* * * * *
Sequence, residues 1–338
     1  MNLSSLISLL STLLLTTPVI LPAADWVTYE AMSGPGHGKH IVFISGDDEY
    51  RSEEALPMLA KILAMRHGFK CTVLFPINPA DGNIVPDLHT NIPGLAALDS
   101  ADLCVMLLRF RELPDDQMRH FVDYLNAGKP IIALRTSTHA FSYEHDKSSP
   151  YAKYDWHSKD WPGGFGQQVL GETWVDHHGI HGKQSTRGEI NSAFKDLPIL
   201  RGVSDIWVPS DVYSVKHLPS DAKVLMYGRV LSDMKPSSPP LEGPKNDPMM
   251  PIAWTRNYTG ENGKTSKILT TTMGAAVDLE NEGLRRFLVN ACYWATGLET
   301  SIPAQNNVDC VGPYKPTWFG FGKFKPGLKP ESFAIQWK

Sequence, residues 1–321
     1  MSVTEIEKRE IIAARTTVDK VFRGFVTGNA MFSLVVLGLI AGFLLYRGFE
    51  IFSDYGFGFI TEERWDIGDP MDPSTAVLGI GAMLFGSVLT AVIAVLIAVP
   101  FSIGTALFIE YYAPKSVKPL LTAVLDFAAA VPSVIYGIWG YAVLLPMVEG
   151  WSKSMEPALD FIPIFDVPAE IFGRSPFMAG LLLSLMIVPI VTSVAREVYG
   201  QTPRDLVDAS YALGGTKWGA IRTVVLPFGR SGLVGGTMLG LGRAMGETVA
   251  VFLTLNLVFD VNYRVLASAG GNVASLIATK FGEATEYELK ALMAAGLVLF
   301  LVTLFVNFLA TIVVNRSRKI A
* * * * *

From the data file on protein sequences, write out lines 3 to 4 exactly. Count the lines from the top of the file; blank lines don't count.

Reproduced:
    51  RSEEALPMLA KILAMRHGFK CTVLFPINPA DGNIVPDLHT NIPGLAALDS
   101  ADLCVMLLRF RELPDDQMRH FVDYLNAGKP IIALRTSTHA FSYEHDKSSP